The accounts work essentially like a high deductible insurance policy account holders and their employers pay into the tax-free plans building up savings to use for every day medical expenses.
Royal Credit Union is one local employer considering adopting health savings accounts.
R-C-U Chief Financial Officer, Jon Hehli ,says the accounts would help cut the company's medical costs, their second biggest expense after employee wages, but may not be the best idea for all workers.
"Some employees who do not use health care very much will benefit from a plan like this," says Hehli, "But younger people with a family, older people with health problems that probably won't be the best environment to be in."
Finding that balance is just one of the challenges employers and individuals face with health savings accounts.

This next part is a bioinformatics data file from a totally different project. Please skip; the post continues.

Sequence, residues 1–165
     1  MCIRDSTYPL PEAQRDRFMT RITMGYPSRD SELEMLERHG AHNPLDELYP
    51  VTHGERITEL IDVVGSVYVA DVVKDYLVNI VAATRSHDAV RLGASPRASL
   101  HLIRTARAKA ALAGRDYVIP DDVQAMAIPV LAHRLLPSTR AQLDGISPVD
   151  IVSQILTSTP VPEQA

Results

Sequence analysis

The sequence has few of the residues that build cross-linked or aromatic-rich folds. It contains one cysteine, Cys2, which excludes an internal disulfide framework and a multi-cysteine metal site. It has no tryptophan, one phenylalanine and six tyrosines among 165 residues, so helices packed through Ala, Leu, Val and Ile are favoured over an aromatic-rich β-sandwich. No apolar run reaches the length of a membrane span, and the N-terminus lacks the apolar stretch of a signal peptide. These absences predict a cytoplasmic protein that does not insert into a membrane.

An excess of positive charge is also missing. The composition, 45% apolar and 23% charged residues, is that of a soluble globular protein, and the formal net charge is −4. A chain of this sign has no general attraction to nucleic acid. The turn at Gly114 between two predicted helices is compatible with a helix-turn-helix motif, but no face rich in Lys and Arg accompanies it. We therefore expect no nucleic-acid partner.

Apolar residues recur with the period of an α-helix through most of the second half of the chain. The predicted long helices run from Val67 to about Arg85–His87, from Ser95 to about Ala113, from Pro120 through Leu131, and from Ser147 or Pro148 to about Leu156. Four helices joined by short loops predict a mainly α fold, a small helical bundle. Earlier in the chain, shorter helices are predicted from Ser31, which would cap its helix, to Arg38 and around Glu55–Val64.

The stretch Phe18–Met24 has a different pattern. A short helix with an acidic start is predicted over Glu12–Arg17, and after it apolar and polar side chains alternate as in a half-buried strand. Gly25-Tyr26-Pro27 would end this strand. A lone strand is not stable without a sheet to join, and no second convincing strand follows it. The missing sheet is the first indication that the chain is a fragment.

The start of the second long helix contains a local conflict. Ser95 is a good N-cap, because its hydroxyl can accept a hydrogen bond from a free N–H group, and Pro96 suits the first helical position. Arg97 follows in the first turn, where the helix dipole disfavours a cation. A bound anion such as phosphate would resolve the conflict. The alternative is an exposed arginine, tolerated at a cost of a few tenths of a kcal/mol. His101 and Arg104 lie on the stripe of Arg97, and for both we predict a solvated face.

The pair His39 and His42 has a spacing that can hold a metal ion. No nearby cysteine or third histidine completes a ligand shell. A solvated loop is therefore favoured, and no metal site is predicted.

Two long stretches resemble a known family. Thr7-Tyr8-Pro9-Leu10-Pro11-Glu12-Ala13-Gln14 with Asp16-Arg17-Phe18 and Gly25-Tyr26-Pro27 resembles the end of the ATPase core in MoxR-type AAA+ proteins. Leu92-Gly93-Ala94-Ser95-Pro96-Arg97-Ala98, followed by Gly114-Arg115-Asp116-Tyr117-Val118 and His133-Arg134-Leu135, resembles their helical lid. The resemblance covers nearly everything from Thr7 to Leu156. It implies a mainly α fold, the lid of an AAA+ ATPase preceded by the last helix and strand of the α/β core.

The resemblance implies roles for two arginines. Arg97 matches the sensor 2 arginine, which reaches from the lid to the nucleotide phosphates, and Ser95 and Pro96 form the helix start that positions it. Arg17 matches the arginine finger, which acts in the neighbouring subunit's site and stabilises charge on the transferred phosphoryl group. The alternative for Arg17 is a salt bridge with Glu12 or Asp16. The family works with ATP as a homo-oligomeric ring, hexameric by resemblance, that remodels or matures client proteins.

Proponents say the market based plans give people a tangible stake in the cost of their health care while opponents argue they run the risk consumers will make health choices based only on cost.
"If individuals are thinking, 'well I don't want to spend this money' they may be less likely to seek preventive care," says Jennifer Johns-Artisensi a health care administration professor at UW-Eau Claire, "So they might wait till they're very sick and ultimately leading to higher bills or hospitalization than if they would have gotten care in a timely manner."
Health care experts say it will take a long time to tell if health savings accounts are part of the health care solution or another health care problem.
Supporters say the plans save employers and employees money while critics say they shift costs to consumers and don't help the uninsured.
Either way with the President's support of health savings accounts is sure to be a major topic of debate in the coming year.